From the Digest

Bonsai Expert Presents Intensive Workshop

PhotoBy David Wolfe (August 2009)
Photos by Ralph Olliges

New York bonsai expert Susan Amoy shared her obvious passion for succulent bonsai at the August 2009 HSCS meeting, where she described and diagrammed basic bonsai concepts as she demonstrated staging techniques at a rapid-fire pace.

As Amoy explained during her presentation at Missouri Botanical Garden, bonsai does not require special training, but a good “eye” for form and design is essential. Tools like basic pruners, pliers and wire cutters are sufficient to start, although segregating “good” tools from the everyday helps extend their lives.

Amoy said succulent bonsai offers options from simple designs to “more dramatic” and complex stagings. An understanding of the basic bonsai forms makes bonsai treatments easier. The shapes – formal upright, informal upright, slanted, semi-cascade and cascade – relate to the positioning of the plant’s main trunk. Whatever the form, the overall shape of the bonsai and its foliage should resemble an inverted cone.

In further explaining the art of succulent bonsai, Amoy said, “The pot is like the frame for the plant.” For upright plants, use low pots that show off the plant forms, she said. Use neutral pot colors to accentuate foliage. Consider pots with some color to complement flowers.

After studying the plant and the design options it presents, Amoy starts each staging by visually positioning the plant off center in a pot that complements its shape and culture requirements, then tying the plant securely into the pot using aluminum or copper wire of various gauges. Plant-appropriate soil mix and some top dressing complete the basic staging.

PhotoAmoy’s bonsai advice covered many topics. For example, choose a plant based first on its trunk, then the branches and sub-branches. When staging, be sure the trunk remains the main focal point. When trimming and shaping branches, “don’t pull on the wires, place them.” For most plants, use a slightly moist mix during initial work, then adjust watering relative to the shape and material of the new pot.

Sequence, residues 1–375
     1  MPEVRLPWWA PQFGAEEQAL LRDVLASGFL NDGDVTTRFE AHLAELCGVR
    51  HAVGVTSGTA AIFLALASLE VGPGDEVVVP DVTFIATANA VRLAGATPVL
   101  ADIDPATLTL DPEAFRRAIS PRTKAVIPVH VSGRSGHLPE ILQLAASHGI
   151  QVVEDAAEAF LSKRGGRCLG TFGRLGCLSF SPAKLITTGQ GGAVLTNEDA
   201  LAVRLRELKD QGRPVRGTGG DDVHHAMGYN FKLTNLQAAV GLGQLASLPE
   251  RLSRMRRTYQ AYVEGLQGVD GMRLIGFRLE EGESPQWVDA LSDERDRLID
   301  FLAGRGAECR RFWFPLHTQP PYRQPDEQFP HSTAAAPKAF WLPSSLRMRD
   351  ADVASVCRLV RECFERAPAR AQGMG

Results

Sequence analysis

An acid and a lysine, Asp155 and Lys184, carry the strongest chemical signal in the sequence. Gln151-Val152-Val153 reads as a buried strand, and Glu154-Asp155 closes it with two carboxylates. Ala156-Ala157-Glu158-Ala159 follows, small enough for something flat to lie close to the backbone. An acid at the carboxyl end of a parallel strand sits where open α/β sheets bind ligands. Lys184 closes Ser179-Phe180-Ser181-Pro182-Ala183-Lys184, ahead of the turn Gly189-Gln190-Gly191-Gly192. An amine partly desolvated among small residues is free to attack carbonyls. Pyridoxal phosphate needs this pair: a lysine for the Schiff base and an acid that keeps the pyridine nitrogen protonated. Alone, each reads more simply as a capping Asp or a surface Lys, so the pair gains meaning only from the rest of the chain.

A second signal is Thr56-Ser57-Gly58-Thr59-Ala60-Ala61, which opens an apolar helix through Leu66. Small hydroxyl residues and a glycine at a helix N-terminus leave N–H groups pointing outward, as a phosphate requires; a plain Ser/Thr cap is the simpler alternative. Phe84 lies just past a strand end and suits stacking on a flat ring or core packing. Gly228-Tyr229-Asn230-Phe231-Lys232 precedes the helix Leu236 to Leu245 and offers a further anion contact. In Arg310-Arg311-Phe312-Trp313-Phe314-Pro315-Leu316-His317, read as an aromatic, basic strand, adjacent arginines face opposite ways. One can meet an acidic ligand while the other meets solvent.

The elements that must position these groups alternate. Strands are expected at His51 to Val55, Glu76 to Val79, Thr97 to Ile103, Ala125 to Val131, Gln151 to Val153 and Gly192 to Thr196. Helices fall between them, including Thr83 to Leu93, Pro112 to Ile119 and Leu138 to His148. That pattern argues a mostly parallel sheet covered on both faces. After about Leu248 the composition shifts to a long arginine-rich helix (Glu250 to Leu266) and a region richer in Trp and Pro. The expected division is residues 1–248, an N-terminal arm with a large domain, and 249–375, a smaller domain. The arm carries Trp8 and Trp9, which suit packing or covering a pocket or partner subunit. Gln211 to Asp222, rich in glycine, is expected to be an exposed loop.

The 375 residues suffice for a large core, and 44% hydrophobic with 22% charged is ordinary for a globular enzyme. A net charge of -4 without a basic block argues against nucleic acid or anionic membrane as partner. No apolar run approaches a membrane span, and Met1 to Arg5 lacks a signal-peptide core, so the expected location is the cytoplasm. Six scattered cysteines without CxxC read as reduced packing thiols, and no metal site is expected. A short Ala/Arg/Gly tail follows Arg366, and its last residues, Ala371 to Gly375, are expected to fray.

And don’t be afraid to add natural materials, Amoy said. When she repositioned Mike Hellmann’s Operculicaria decaryi nearly on its side in a new bonsai pot, she placed pieces of coral rock around the gnarled, exposed roots and stabilized them with quick-dry concrete dyed to match the rock. Amoy even wired a spiny opuntia cactus to a large rock and enhanced the appearance and functionality of the staging by shaping a “water dam” of “muck,” a mix of clay and soil.

Definitely think of initial restaging as “foundation work,” Amoy said. Such major changes can significantly impact plant growth and health. Bonsai plants also require ongoing shaping and trimming, and so may not be ready to show for two or three years. Patience is required.

Through presentations and workshops, Amoy is preaching the gospel of succulent bonsai to more traditional bonsai audiences. “When you say ‘succulent,’ most of them think of a jade plant,” she said. That leaves out a world of interesting plant material.

Bonsai is an ancient art form, yet “it evolves as our plants evolve,” Amoy said. The rules of bonsai can be stretched to include many succulents and even cacti.

That’s a good thing, she said, and over time, succulent fans and bonsai experts are discovering increasingly common ground. “Both groups are meshing and finding interest in each other,” Amoy said.